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A Few Tips For New Traders On How To Play Market Volatility

Hannah Genig

With stock market volatility ramping up in recent months, the idea of trading options might seem intimidating. But in this environment, using options in place of stock can help you add diversity and hedge against sharp directional shocks, all while limiting capital commitment.

Benzinga sat down with Todd Salamone, Senior Vice President at Schaeffer's Investment Research, to discuss his best tips for new traders, how to play high volatility, and why education is the key.

Schaeffer's was a sponsor of the 2018 Benzinga Fintech Summit.

Benzinga: Does market volatility affect the type of research that is provided for investors?

Salamone: To my knowledge, I don’t think it has a huge impact, other than the usual calming type information brokers may put out to clients when volatility surges. As it pertains to the research that we do, which involves making options trading recommendations to retail subscribers, it may impact the types of trades that we recommend.

For example, technical analysis along with sentiment and fundamental analysis form the basis for our trading ideas, which are shorter-term oriented. Therefore, in periods of rising stock market volatility, there are likely more individual equities that have experienced technical breakdowns, which will trigger more options-based trades that are designed to profit from stocks declining (e.g., put buying recommendations). And there may also be more recommendations that involve premium selling as opposed to premium buying since options become more attractively-priced for sellers of option premium after volatility rises.

Describe the importance of education surrounding options trading.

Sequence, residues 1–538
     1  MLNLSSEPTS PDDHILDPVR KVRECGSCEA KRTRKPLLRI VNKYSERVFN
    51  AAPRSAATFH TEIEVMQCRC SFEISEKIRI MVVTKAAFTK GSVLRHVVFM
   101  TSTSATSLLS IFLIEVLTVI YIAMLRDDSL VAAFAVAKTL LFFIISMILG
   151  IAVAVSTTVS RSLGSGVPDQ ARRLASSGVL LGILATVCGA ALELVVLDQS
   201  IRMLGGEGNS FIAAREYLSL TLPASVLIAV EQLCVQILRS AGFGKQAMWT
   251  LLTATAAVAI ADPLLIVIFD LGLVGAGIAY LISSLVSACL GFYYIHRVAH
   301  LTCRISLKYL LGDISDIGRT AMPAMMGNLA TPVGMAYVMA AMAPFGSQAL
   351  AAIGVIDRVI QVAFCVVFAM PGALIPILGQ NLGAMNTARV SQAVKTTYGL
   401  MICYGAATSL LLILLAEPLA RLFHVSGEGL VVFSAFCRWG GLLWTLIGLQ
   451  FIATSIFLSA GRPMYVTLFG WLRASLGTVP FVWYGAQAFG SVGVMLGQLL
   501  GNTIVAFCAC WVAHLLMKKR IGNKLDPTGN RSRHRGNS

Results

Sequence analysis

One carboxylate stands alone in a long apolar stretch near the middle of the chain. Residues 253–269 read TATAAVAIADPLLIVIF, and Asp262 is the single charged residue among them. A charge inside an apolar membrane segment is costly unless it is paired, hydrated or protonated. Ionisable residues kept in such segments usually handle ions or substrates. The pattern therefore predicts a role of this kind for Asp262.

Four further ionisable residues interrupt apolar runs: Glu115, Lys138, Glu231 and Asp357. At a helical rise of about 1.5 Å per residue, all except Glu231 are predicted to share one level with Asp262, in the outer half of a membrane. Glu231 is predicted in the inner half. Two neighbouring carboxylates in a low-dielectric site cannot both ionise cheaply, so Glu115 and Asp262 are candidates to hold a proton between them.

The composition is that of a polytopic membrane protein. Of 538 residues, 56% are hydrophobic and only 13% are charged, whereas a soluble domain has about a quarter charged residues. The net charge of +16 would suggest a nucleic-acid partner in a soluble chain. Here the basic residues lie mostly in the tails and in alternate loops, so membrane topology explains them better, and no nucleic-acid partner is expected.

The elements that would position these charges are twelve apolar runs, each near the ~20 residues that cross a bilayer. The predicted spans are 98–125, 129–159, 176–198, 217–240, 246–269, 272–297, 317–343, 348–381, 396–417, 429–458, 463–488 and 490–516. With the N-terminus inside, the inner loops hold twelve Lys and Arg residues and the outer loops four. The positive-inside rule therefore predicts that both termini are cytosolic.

Education is extremely important and a trader or investor puts himself at much risk if he tries to trade options on his own without gaining an understanding of options. Options are a derivative, meaning the prices derive from an underlying asset's value, whether that be an individual stock, a commodity, an exchange-traded fund or a futures instrument. However, options do not necessarily behave entirely like the underlying asset, so it is important to understand what factors impact the price of an option over its life.

There are also several strategies that one can implement -- strategies that work better in one environment versus another environment, and/or strategies that better fit the personality or the goals of the individual option trader.

For example, some may use options to speculate and seek leverage, others may use options to generate additional income, while still others may use options as a hedging strategy. Gaining an understanding of how options work and how they might work best for you involves education, and “blindly” trading options without knowing the potential risks, rewards, and appropriate implementation of strategies is a sure recipe for failure.

What differentiates your research from others within the industry?

There are many things that differentiate our research.

First and foremost, many of our indicators and screens, particularly options-based indicators and screens, are not those that you will find on the Internet or read about in a typical investment or trading book. We believe that if an indicator is too popular or too widely watched, there is the possibility that when they signal, it creates crowded trades. Many are proprietary screens that allow us to know something about a stock or its options that very few or no one else knows about, even other professional traders, and this is our trading edge. And while we quantify many indicators and do historical testing, we don’t allow computers to make recommendations for us, as there are other variables that come into play that we entrust our analysts to evaluate

 Moreover, we offer many option strategies, whereas some of our competitors are locked into one strategy or just a few strategies. Our options strategies include buying options to leverage directional bets over several time frames geared to the subscribers’ preference, buying double premium to leverage bets on volatility, and selling options to profit from the premium decay that occurs over an option’s life.